A battalion composed of troops from Sudan's northern and southern armies is set to deploy Tuesday to the disputed Abyei area on the country's north-south border.  As Derek Kilner reports for VOA's East Africa bureau in Nairobi, fighting last month displaced tens of thousands, raising concerns about the prospects of a 2005 peace agreement.

The battalion of more than 750 soldiers will be drawn equally from the northern Sudan Armed Forces and the southern Sudan People's Liberation Army, according to the vice president of the semi-autonomous southern government, Riek Machar.  The battalion will be commanded by the SPLA's Valentino Tocmac, while the deputy commander will be from the north. 

The deployment of the so-called joint integrated units is part of an agreement on Abyei signed last week by Sudanese President Omar al-Bashir and southern President Salva Kiir, who also serves as vice president in the national unity government. 

According to U.N. estimates, several days of fighting between northern and southern troops last month displaced tens of thousands from Abyei town, and left at least 60 dead.   

Under the agreement, northern and southern troops that are not part of the joint units will be withdrawn from Abyei; an interim administration will be put in place, with a head from the south and deputy from the north; and a police force drawn from the local population will begin patrols. 

The agreement calls for the removal of restrictions on the movement of U.N. peacekeepers, and the resettlement of those displaced by last month's clashes.  Southern Vice President Riek Machar says the latter task is a top priority.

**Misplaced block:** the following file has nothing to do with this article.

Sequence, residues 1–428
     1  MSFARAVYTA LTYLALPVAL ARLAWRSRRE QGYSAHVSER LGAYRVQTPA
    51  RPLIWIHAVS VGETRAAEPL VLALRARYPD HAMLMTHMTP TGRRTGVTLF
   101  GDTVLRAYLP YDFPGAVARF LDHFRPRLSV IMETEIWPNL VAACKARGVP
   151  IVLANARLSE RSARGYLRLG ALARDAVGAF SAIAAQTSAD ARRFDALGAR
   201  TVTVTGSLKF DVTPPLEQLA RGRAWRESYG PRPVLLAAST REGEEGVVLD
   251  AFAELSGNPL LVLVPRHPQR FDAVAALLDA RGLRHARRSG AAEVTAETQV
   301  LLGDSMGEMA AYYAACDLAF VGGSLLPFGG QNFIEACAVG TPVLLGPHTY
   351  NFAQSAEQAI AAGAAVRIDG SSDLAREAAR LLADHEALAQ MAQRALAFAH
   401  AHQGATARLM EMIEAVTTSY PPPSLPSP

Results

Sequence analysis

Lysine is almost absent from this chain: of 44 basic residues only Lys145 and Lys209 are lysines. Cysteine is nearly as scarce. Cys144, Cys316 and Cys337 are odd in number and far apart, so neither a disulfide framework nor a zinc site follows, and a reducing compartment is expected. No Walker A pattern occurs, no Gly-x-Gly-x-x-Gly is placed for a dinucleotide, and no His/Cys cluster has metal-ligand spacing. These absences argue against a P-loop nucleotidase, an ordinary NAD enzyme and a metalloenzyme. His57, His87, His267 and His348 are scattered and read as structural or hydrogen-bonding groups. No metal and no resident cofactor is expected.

"It is urgent for the civilian population to go back, those who were displaced from Abyei.  And it is the start of the rainy season," said Machar.

Abyei, which contains much of Sudan's oil, has long been a stumbling block in implementing the 2005 Comprehensive Peace Agreement, which ended a two-decade civil war.

The agreement set up an international commission to determine the boundaries of the area, but its findings were rejected by President Bashir.  As part of last week's deal, the two sides agreed to seek international arbitration to determine the boundaries.   Northern and southern officials are set to meet in the southern capital Juba on Friday to discuss the choice of an arbitrator. 

The two sides have agreed in the past to many of the measures in the 2005 agreement, including the establishment of joint military units, with little result.  But Machar, a member of the Sudan People's Liberation Movement, says he is optimistic about the prospects this time around.

"It has been challenging, I believe the two parties are committed to that agreement and it will be implemented," added Machar.  "As for SPLM we are committed to it, we will implement our bit and hopefully the National Congress will do the same."

Residents of Abyei are set to vote in 2011 on whether to join the south or the north, at the same time as the south holds a referendum on whether to secede from north.  

Analysts say the recent dispute over Abyei presented the greatest threat yet to the north-south peace agreement.  South African President Thabo Mbeki will discuss the progress of the agreement with Sudanese leaders Tuesday in Khartoum and Wednesday in Juba.